Lithium-ion batteries will soon deliver economically viable daily storage – not just short duration bursts, according to Marek Kubik, market director at Fluence Energy.
Speaking at Aurora’s battery storage conference, Kubik claimed Fluence has 1.5GW of storage projects “awarded or operational around the world.”
He said the firm, formed by Siemens and AES, is “building systems to fit markets”. Some of those markets favour battery storage that delivers for “20-30 minutes”, said Kubik, others reward “five to six hours”.
While “technology agnostic”, he said Fluence sees lithium-ion as the “dominant technology going forward, increasingly at longer durations” due to the economies of scale arising from carmakers investing hundreds of billions of dollars in electric vehicles.
“I rebut the idea that [lithium-ion] batteries are short duration systems. We are building five-six hour systems in markets where that is rewarded,” he said.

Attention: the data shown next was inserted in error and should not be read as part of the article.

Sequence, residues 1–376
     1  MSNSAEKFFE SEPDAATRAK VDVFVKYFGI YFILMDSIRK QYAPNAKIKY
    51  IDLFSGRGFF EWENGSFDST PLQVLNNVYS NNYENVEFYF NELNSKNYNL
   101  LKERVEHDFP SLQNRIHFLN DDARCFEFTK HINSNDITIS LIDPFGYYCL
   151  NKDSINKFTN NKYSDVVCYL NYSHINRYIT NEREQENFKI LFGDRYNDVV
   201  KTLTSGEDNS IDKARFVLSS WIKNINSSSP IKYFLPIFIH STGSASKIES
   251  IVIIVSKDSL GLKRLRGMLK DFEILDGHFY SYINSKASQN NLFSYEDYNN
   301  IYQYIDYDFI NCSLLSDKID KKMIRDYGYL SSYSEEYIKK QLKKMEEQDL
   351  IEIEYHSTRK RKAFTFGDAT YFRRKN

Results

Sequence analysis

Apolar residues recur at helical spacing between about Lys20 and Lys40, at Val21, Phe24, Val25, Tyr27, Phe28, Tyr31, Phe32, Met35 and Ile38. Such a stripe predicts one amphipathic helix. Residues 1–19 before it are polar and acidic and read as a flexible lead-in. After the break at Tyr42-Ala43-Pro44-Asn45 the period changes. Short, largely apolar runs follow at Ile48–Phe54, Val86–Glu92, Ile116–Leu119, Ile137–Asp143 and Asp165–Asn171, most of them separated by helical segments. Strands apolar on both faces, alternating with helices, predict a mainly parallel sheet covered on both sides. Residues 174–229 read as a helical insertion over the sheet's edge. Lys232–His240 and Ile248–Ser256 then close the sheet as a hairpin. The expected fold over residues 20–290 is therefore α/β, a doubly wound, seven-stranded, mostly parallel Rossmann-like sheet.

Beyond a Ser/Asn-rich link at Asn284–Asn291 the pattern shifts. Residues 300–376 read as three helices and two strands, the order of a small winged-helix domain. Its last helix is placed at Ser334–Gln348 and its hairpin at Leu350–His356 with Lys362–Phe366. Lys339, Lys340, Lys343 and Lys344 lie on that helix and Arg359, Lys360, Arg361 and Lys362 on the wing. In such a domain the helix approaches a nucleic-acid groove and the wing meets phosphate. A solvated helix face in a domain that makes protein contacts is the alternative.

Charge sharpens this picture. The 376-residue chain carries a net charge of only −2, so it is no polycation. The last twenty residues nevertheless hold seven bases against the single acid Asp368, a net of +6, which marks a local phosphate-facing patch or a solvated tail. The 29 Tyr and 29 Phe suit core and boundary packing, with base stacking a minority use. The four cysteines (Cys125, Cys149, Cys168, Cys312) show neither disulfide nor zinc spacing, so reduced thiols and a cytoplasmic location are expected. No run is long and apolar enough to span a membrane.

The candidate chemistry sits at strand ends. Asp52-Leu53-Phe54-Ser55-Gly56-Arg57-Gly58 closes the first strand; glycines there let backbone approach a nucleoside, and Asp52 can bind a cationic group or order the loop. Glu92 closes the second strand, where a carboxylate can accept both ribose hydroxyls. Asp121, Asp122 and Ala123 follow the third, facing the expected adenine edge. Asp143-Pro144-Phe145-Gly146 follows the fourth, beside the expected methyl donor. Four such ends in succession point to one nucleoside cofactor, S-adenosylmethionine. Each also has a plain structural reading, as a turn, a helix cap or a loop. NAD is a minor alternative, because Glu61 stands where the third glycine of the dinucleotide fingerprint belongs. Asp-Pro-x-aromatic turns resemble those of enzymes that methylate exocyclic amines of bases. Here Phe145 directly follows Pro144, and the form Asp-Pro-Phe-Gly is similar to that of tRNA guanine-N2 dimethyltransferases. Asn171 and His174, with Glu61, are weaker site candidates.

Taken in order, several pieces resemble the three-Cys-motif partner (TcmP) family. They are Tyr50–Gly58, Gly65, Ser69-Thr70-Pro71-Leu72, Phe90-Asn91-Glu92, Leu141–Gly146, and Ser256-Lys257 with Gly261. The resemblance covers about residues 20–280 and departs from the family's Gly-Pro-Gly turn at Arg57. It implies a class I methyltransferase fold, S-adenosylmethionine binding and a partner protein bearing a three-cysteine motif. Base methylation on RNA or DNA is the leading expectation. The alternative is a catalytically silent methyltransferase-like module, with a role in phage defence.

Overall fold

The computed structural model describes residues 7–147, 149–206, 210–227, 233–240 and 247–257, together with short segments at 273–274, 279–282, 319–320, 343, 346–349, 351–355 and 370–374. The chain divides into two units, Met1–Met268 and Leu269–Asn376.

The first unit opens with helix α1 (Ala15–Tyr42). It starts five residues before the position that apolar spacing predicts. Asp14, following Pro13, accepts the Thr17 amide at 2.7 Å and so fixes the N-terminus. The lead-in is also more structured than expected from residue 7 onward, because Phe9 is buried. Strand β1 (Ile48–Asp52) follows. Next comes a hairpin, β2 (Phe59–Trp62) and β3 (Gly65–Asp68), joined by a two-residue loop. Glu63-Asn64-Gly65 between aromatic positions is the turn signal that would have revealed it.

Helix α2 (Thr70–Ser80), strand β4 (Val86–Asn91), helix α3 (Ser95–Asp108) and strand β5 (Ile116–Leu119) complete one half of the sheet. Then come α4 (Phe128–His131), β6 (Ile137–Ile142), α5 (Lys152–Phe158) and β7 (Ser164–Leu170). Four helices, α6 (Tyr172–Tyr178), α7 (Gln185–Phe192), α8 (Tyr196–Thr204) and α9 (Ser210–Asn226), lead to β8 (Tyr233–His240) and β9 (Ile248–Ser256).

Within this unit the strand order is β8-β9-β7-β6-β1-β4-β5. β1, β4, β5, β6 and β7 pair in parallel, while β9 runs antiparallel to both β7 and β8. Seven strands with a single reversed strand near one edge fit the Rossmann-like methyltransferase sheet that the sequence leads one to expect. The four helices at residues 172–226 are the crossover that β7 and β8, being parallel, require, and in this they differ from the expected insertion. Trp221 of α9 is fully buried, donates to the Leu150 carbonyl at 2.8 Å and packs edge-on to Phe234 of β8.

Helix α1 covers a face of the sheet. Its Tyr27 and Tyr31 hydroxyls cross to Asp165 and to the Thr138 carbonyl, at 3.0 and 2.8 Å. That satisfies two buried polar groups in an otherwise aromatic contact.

Kubik was speaking on a panel that discussed the need for longer duration storage to enable net zero energy systems.
“I describe [lithium-ion] as daily storage. As costs fall, five to seven hour [duration] battery storage systems will be very feasible and competitive against other technologies … So it is not seasonal, but daily storage,” said Kubik.
But he suggested that renewables penetration of around 80 per cent can be enabled by such ‘daily storage’, affording other technologies “a bit longer” to mature in order to deliver the more challenging final 20 per cent required in net zero economies.
Under the right models, co-locating solar and storage could drive down system costs, said Kubik, provided services procurement is genuinely technologically neutral.
In the US, solar plus “four-to-six hour duration storage” is delivering “rock bottom prices” for system balancers, he suggested. “The economics there for long duration storage and solar with 25 year power purchase agreements are as good as you will see.”
In the UK, that has yet to materialise, said Kubik.
“Storage has dominated dynamic firm frequency response, but the real opportunity is displacing thermal generation [within ancillary services] and transmission and distribution network [investment deferral]. That is where technology neutrality is key.”
At the moment, he said, the “services in front of us in GB are short-duration services.”